Pocket Operator Eurorack adapter you say? You know you’ve thought about it. I bet you even did some weird gain pumping clock division thing just to get it going with your Eurorack gear. No? Just me? Can’t be, has to be at least me and LPZW. And seen as this little cockajub was sold out for a good long while everywhere I looked, chances are me and LPZW aren’t the only one’s jonesin’ for some modular pocket operator integration.
I have a few of the Pocket Operators, and I love them. They really are neat pieces of kit. Out of the few I have, I think the PO-32 Tonic is just dying to become a Eurorack module.
I purchased this kit from Thonk, but you can also get the bare PCB and solder the SMD components yourself. Whether or not you want the SMD pre-soldered really depends on your skill level.
After receiving and opening the package, I have no complaints about the kit, but it is a little pricey for what you get. If you’re someone who does even a little DIY, you’ll have these components laying around.
With that being said, all kits are pricey for what you get, and this one has pre-soldered SMD components…so just ignore me. Wait don’t ignore me! Keep reading. Read other things! Like my Thresholds Build Diary…Moving on…
One small but necessary annoyance is the wire that wraps around to the front of the panel. Since it is really thin and not super noticeable it isn’t so bad, even if it does add a level of slight jankiness to an otherwise tight package.
Following the guide LPZW includes definitely makes the build process easy. It took about an hour from start to finish, and 45 minutes of that was waiting for the epoxy to set. On the whole it is a quick little solder job.
Looking good, but what is going on here? According to the manual this cute little circuit is going to:
- hold the PO in your Eurorack
- supply power to the PO from bus-power
- route the I/O 3.5mm jacks to the front
- divide incoming 16th-note clock to a 8th-note clock used by the PO
- safeguard against higher trigger voltages than the PO accepts
- amplify the output signal times 2
Although this may be the case, the question remains. Does it?
OH DOES IT EVER
Finally, the verdict. I can wholeheartedly recommend this kit to anyone looking to get their Pocket Operator integrated with their modular.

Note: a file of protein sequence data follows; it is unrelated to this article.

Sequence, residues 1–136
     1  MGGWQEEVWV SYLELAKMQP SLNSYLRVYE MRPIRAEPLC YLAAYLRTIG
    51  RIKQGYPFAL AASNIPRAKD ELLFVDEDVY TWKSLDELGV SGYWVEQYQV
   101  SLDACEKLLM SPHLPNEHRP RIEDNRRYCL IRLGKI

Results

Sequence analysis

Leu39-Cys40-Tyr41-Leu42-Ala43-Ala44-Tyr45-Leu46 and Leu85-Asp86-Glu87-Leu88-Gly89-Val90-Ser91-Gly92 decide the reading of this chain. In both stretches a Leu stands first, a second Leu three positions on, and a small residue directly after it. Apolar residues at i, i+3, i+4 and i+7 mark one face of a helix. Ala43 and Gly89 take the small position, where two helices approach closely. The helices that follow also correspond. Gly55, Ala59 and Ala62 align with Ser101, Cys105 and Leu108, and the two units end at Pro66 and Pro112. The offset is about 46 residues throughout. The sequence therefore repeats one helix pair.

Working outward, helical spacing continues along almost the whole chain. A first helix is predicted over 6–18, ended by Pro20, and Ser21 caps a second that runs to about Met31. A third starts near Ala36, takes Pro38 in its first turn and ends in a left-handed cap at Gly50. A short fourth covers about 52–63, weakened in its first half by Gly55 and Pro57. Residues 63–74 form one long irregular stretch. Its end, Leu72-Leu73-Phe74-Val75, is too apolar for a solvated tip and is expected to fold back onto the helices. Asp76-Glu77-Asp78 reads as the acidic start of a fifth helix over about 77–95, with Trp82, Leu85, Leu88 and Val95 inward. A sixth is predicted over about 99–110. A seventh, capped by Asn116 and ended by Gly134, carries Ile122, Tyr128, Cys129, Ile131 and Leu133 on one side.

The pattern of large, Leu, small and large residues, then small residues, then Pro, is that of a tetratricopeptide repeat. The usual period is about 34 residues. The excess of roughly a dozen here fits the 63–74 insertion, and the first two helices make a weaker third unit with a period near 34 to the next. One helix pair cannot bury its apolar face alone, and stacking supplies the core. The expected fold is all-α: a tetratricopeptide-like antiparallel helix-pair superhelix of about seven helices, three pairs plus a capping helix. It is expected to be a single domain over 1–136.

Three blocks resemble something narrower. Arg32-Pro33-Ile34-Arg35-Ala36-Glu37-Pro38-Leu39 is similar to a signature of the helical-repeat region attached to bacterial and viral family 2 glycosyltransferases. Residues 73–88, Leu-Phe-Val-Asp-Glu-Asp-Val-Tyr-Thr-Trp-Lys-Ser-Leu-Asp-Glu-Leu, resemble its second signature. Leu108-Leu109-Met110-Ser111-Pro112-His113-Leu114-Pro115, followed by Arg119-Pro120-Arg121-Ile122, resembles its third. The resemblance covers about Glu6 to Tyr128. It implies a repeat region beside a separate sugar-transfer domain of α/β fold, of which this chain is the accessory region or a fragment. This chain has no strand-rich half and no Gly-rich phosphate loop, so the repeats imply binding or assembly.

If you have very little DIY experience, I can still recommend this kit for a Pocket Operator Eurorack adapter. Just make sure you grab the one I got with the SMD pre-soldered.
The only bad thing I have to say has nothing to do with the kit or the Pocket Operator… but there is something about tying down an inherently portable device that just doesn’t feel right. It sure sounds, plays, and looks right…but I can’t shake the feeling that this little guy does better in the park with some AAA batteries stuffed in it.
Thankfully, I have other Pocket Operators for my nomadic jam sessions, and a 4 voice drum module in approximately ~12hp is pretty sweet.
This Post Has 6 Comments
Hey, nice little write up. Kay here, aka LPZW.modules. Found your review by coincidence.
I am happy to hear from people that find my „manual“ bearable.
If I was hoping anyone would read it, it would be the creator. Thank you! Manual was great, and I love the device.
Not to gush, but your projects/business is very inspiring to guys like me. Thanks for doing what you do. If you release another DIY project, I’ll be all over it!
Very fucking cool. Skiff for two pocket operators going on my list!
Skiff it up!! They are very much worth it. I’ve got one I’ve been meaning to put together for a while now sitting in the “to-do” box… one day!!
A little late to the party, I have a couple of PO’s lying around, and would love to convert one or two into a eurorack module.. I hope the (pre soldered) PCB’s will be available again soon.
Thanks for reading 🙂 I’ve got a couple travel POs for fun, but the drum module right in the rack is just too great. Hopefully you can get yours soon! They are a great little piece of kit.